How does rising atmospheric CO2 affect marine organisms?

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A 2000-Year Tibetan Temperature History
Yao, T., Thompson, L.G., Duan, K., Xu, B., Wang, N., Pu, J., Tian, L., Sun, W., Kang, S. and Qin, X. 2002. Temperature and methane records over the last 2 ka in Dasuopu ice core. Science in China (Series D) 45: 1068-1074.

What was done
Among other things, the authors derived a 2000-year proxy temperature (18O) history from an ice core retrieved from Dasuopu glacier (2823'N, 8543'E), which is located in the central Himalayas, Tibet.

What was learned
In the words of the authors, temperature in the first century A.D. "was low and [was] followed by a significant increase until 730 A.D.," whereupon it "reached its maximum during 730-950 A.D., then it lowered again, which persisted until 1850 A.D.," after which "temperature has increased gradually to its present levels."

What it means
These intervals correspond, respectively, to the Dark Ages Cold Period, the Medieval Warm Period, the Little Ice Age and, near the very end of the record, the Modern Warm Period, which distinctive climatic regimes are evident in the records of many sites from all around the world. They demonstrate the reality of a millennial-scale climate cycle that operates independently of changes in the air's CO2 content. In addition, the Dasuopu temperature record demonstrates the importance of considering more than just the past thousand years when attempting to gain an appreciation for the degree of natural climate variability one must consider when attempting to assign a cause to the temperature increase of the past century and a half. In the words of the authors, "if we just analyse temperature changes in [the most] recent 1 ka, we may draw a wrong conclusion that [the] temperature recorded in [the] Dasuopu ice core goes beyond the natural variability range [near its end]."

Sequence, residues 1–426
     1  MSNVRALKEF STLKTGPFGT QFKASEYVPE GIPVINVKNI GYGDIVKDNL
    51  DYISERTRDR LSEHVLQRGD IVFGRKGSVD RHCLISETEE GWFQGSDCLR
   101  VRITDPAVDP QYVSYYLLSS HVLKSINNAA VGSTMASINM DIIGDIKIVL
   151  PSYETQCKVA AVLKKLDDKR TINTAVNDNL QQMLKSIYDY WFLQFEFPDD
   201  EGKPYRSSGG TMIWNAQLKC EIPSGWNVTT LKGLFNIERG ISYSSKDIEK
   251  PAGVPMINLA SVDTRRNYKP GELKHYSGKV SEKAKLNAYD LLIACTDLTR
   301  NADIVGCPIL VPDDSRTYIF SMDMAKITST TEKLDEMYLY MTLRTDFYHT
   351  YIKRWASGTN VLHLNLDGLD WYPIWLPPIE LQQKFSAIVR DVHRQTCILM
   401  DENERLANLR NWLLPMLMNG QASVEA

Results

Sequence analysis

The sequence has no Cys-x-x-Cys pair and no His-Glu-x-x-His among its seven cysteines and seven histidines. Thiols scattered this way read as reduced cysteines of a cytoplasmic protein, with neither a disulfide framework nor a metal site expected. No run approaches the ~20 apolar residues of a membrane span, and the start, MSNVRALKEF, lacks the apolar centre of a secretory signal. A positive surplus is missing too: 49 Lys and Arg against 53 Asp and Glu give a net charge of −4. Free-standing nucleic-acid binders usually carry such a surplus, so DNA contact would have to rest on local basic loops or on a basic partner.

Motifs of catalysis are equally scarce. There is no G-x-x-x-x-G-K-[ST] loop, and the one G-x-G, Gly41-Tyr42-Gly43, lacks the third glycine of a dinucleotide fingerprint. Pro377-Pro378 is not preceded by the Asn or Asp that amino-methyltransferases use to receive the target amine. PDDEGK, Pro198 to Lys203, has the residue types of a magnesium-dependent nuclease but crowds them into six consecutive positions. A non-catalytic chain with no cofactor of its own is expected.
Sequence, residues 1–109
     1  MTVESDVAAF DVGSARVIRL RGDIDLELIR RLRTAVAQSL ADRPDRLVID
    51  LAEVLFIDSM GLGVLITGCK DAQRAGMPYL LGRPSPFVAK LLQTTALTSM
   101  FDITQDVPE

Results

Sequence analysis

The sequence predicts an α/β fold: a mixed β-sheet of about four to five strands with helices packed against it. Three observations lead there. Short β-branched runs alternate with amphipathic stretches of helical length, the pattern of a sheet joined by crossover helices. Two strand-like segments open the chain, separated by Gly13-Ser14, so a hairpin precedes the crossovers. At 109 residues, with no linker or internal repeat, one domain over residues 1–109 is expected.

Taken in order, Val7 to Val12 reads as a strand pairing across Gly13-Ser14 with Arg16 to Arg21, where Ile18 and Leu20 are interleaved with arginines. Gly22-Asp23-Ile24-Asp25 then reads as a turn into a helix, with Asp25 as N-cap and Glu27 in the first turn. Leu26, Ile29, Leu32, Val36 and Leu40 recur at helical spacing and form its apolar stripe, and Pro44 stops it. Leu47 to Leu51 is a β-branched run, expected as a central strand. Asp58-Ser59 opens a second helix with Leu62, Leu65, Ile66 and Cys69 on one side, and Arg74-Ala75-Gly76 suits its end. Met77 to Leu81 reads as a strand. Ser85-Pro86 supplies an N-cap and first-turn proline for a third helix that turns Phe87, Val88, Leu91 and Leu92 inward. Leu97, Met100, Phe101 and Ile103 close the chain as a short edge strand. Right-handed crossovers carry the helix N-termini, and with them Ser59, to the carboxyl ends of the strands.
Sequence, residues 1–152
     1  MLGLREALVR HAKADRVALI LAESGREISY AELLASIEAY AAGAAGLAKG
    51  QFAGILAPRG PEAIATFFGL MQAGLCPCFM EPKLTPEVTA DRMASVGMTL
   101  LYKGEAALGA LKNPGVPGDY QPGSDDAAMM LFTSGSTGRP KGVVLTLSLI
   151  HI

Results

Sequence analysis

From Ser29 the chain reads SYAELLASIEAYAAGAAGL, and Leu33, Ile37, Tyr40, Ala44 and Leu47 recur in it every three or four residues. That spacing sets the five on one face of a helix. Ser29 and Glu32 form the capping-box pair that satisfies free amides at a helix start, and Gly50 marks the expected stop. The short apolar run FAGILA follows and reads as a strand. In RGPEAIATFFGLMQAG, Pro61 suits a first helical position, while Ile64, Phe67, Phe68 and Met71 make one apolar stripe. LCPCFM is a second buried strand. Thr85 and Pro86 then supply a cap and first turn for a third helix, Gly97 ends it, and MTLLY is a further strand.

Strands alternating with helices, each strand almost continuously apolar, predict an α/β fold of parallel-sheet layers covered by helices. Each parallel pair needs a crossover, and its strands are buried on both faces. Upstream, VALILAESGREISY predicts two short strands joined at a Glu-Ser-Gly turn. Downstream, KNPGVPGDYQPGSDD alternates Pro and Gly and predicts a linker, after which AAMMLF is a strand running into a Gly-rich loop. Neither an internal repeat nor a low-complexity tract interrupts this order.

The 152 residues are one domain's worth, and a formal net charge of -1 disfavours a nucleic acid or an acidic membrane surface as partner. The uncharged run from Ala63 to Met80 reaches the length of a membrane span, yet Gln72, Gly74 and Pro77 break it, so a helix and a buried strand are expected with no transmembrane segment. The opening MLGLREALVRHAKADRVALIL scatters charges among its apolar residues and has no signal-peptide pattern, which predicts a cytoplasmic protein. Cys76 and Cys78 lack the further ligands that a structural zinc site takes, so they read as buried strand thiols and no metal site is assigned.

Reviewed 19 March 2003